Broadway Bound 'Curtains': Rupert Holmes, Part 2: A Team, A Cast, At Last
This is the second installment in the 2006 “Broadway Bound” series looking at “Curtains.”
"Curtains," the Broadway-bound backstage murder-mystery musical comedy that opened Wednesday at the Ahmanson Theater in Los Angeles, brings together a technical crew and cast that has racked up 34 Tony Awards.
From producer Roger Berlind ("The History Boys") to John Kander and the late Fred Ebb ("Cabaret") to costumer William Ivey Long ("Hairspray," "The Producers"), the show's pedigree is strong.
Starring David Hyde Pierce ("Spamalot"), Debra Monk ("Chicago") and Karen Ziemba ("Contact"), "Curtains" involves Boston detective Frank Cioffi (Pierce), who is called to the Colonial Theater in 1959 to investigate a backstage murder at an already troubled Broadway-bound musical, a Wild West version of Robin Hood called "Robbin' Hood."
Cioffi, a fan of Broadway musicals, hopes to solve the crime and cure the ailing musical at the same time.
Another of the ringers working on "Curtains" is its book writer - two-time Tony-winner Rupert Holmes, whose "The Mystery of Edwin Drood" won him two Tonys (for score and book) and was named best musical for 1986.
Holmes, a Nyack native who now lives in Scarsdale, talked recently about getting involved in the Broadway-bound musical.
"Curtains" has a big cast.
"A big cast for a Broadway musical - in the mid to high 20s. I saw `Pajama Game,' which is a wonderful production, but they had a picnic and I thought it was the loneliest picnic I had ever seen. It's hard to make 14 people be a crowd. So it's a very big cast. A lot of wonderful singing, a lot of fabulous dancing, and some quite impressive and fun sets by Anna Louizas, who did `Avenue Q.' And Rob Ashford, who won the Tony for choreographing `Thoroughly Modern Millie,' is doing our dance work here as well.
Tell me about Anna Louizos' design.
The show is set in 1959 at the Colonial Theater in Boston and I'm pleased to say that the Ahmanson, which is usually a pretty characterless stage, now has an exact replica of the proscenium of the Colonial Theater in 1959 as its façade. It's as if we stole it - it's literally the same marble pillars. So you walk in and you see this fabulous old-fashioned theater and I'm sure about half the people who come will not realize that's not the Ahmanson's proscenium, that's ours. It's quite an extravagant production at every turn."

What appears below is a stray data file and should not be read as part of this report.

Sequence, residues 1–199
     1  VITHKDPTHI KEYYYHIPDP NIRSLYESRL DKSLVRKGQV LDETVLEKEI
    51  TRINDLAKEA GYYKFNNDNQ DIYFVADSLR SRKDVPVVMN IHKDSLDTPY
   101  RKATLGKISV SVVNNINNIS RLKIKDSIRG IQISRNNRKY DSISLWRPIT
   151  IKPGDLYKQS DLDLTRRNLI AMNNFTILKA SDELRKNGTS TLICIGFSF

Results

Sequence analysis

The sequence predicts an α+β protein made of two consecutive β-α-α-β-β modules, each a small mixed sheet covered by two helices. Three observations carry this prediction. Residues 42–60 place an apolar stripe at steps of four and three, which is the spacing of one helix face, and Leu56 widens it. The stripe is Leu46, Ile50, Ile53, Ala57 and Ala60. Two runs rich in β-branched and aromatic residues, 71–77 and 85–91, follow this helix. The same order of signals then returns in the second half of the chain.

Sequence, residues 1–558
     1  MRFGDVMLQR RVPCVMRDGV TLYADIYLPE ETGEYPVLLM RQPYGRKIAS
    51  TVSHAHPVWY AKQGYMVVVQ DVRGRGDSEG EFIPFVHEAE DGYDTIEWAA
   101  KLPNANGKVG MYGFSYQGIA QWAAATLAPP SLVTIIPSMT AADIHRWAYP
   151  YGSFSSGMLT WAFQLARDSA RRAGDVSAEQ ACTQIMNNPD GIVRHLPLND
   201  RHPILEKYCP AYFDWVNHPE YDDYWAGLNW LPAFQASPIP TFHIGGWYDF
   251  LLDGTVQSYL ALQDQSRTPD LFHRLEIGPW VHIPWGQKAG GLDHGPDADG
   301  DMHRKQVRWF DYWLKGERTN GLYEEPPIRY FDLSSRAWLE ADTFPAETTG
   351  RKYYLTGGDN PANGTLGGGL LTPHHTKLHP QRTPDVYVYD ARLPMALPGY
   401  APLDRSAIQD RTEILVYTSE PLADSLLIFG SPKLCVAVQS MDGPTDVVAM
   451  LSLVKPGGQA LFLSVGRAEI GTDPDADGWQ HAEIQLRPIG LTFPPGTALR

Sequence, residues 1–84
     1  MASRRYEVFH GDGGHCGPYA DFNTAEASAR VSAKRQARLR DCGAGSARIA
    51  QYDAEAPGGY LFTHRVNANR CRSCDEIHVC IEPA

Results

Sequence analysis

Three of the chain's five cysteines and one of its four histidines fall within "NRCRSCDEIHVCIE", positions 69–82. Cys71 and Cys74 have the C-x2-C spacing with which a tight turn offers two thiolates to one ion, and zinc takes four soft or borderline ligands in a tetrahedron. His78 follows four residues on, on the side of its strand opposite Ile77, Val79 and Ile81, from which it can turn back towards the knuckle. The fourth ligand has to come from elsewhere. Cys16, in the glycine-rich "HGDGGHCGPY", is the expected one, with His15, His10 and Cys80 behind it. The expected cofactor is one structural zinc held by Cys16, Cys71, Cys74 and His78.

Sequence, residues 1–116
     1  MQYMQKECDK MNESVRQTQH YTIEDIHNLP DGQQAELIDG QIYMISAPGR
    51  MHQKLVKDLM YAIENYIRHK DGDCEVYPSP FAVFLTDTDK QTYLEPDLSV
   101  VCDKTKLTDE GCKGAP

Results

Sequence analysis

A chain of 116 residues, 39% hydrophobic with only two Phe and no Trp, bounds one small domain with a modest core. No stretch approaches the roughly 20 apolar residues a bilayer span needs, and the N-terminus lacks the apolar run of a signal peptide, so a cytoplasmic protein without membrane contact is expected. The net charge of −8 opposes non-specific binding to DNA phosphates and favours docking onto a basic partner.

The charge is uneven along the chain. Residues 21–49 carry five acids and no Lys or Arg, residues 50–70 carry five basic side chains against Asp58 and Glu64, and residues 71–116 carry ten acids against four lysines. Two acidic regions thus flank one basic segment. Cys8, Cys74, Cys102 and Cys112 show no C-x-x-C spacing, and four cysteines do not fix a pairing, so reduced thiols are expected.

You've got a bunch of ringers, don't you?
"Our cast includes Karen Ziemba, who won a Tony for `Contact' …"
And the design team, Paul Huntley's wigs and William Ivey Long's costumes…
"William Ivey Long has just come up with a costume orgy. I don't know if I've ever seen a show with more changes. He heard about the show, heard about where it was set, what it was about. Usually it's very hard to get him on the phone. He actually started making the phone calls, came to the first reading that we did and has been on board ever since.
"What we get to do within the show is feature costumes that might have been on the stage in 1959, but also right alongside that the wardrobe from 1959, because we see the people as characters in a lavish musical and also how they would dress in rehearsal and for Opening Night and in casual clothes."
That means a lot of costumes.
Beautiful costumes that are the most elegant dress of the late 1950s - a lot of tuxedos because there's an Opening Night in the story, and the gowns are stunning - but also we have this Robin Hood musical. The musical within the musical is something you might have seen in 1959, which is a Wild West version of Robin Hood, done as a musical. That's `Robbin' Hood!' - that thievin' stealin' robbin' Hood. And the musical with the musical has a star who's something short of mediocre, played by Patti Goble."